The role of insulin as a key regulator of seeding, proliferation, and mRNA transcription of human pluripotent stem cells. Stem cell research & therapy Shahbazi, M., Cundiff, P., Zhou, W., Lee, P., Patel, A., D'Souza, S. L., Abbasi, F., Quertermous, T., Knowles, J. W. 2019; 10 (1): 228


BACKGROUND: Human-induced pluripotent stem cells (hiPSCs) show a great promise as a renewable source of cells with broad biomedical applications. Since insulin has been used in the maintenance of hiPSCs, in this study we explored the role of insulin in culture of these cells.METHODS: We report conditions for insulin starvation and stimulation of hiPSCs. Crystal violet staining was used to study the adhesion and proliferation of hiPSCs. Apoptosis and cell cycle assays were performed through flow cytometry. Protein arrays were used to confirm phosphorylation targets, and mRNA sequencing was used to evaluate the effect of transcriptome.RESULTS: Insulin improved the seeding and proliferation of hiPSCs. We also observed an altered cell cycle profile and increase in apoptosis in hiPSCs in the absence of insulin. Furthermore, we confirmed phosphorylation of key components of insulin signaling pathway in the presence of insulin and demonstrated the significant effect of insulin on regulation of the mRNA transcriptome of hiPSCs.CONCLUSION: Insulin is a major regulator of seeding, proliferation, phosphorylation and mRNA transcriptome in hiPSCs. Collectively, our work furthers our understanding of human pluripotency and paves the way for future studies that use hiPSCs for modeling genetic ailments affecting insulin signaling pathways.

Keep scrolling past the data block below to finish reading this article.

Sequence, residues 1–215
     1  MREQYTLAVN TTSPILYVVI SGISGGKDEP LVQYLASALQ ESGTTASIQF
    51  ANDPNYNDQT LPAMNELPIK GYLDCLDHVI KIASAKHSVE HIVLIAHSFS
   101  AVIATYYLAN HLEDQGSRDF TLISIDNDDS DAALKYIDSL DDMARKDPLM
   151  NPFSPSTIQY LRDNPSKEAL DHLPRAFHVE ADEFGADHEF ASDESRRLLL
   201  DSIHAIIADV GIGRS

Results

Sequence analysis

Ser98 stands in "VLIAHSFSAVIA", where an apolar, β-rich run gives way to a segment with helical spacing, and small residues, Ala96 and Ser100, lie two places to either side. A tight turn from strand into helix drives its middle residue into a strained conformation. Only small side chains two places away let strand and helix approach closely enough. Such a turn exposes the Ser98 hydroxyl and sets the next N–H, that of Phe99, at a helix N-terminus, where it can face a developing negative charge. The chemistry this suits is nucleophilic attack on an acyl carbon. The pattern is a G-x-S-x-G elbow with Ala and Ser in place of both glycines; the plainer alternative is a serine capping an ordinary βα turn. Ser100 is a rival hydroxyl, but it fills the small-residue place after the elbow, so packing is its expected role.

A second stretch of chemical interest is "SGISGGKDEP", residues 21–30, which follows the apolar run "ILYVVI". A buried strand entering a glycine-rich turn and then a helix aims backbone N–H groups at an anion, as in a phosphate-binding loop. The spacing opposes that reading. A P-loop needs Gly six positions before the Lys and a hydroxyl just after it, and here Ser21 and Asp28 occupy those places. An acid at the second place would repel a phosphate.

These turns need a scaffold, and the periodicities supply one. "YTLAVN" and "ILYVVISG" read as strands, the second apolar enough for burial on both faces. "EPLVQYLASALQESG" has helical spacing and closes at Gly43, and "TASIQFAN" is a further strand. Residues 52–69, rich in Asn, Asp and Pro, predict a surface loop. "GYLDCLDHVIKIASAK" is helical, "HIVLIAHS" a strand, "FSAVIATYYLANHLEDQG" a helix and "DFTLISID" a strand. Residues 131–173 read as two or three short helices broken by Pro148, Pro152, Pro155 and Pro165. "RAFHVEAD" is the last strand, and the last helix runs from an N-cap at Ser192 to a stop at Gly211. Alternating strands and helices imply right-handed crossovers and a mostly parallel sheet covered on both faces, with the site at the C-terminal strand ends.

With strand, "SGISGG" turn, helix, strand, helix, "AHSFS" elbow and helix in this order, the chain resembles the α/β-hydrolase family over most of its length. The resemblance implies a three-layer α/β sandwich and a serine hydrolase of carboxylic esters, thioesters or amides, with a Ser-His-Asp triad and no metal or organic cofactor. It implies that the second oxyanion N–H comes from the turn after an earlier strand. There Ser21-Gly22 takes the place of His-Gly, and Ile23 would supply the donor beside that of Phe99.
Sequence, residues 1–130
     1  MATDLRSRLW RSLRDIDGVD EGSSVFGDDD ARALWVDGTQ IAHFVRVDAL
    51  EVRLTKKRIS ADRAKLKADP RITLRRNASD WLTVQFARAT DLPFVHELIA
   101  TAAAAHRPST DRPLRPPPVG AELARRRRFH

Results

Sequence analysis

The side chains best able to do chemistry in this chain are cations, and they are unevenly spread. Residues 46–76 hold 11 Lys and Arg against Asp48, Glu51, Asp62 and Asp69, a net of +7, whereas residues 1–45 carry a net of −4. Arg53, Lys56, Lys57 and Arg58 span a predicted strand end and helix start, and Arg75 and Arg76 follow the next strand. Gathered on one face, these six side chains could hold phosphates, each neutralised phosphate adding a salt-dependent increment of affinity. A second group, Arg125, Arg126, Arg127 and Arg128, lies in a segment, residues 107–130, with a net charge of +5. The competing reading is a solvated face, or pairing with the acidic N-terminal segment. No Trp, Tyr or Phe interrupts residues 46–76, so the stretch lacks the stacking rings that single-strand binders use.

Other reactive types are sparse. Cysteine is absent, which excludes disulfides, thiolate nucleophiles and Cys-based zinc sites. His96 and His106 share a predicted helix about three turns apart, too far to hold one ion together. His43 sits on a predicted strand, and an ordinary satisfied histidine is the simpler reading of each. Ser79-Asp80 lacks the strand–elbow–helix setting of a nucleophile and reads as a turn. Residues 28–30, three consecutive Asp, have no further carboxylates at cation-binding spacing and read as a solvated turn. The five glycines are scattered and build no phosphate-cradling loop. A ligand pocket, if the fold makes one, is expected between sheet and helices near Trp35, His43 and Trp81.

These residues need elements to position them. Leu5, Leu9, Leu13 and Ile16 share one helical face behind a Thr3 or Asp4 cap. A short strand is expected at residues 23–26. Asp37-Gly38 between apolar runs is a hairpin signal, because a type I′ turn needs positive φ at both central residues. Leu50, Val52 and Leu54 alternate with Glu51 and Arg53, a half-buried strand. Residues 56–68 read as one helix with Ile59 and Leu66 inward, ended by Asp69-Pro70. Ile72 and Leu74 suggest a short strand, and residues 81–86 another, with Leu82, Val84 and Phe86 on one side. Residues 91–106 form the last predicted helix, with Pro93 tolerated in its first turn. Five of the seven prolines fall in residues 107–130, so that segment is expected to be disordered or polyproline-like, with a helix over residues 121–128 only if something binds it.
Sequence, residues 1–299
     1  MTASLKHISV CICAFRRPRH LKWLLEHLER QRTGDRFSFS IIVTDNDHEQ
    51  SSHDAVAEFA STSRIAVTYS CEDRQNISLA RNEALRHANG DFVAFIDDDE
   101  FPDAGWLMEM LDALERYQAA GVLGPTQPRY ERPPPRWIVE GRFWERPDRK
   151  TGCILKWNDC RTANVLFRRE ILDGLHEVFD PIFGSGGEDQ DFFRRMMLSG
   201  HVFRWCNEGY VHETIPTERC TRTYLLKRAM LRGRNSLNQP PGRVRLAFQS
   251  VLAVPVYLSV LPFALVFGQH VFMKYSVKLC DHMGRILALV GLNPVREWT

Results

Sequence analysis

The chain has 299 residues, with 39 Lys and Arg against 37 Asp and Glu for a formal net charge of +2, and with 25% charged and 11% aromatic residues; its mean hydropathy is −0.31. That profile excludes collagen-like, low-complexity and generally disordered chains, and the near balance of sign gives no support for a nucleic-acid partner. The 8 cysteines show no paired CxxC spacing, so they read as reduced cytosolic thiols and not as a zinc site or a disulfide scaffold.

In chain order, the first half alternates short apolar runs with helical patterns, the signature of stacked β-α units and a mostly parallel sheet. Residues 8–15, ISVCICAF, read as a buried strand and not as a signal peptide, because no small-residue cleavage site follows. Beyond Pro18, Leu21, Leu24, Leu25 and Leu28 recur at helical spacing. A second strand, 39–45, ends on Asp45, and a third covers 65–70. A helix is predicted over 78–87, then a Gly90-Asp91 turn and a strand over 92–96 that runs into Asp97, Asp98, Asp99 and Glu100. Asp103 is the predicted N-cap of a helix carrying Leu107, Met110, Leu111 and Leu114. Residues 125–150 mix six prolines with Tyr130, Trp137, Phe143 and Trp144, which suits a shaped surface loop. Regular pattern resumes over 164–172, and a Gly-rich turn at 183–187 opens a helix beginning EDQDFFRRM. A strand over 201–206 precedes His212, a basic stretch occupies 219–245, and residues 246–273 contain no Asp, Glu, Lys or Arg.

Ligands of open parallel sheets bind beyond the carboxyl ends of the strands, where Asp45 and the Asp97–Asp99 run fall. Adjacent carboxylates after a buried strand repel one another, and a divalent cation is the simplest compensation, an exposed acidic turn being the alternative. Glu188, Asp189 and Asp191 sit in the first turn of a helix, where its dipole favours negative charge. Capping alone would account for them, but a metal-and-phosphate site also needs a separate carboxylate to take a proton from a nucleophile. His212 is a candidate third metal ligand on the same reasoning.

View details for DOI 10.1186/s13287-019-1319-5

View details for PubMedID 31358052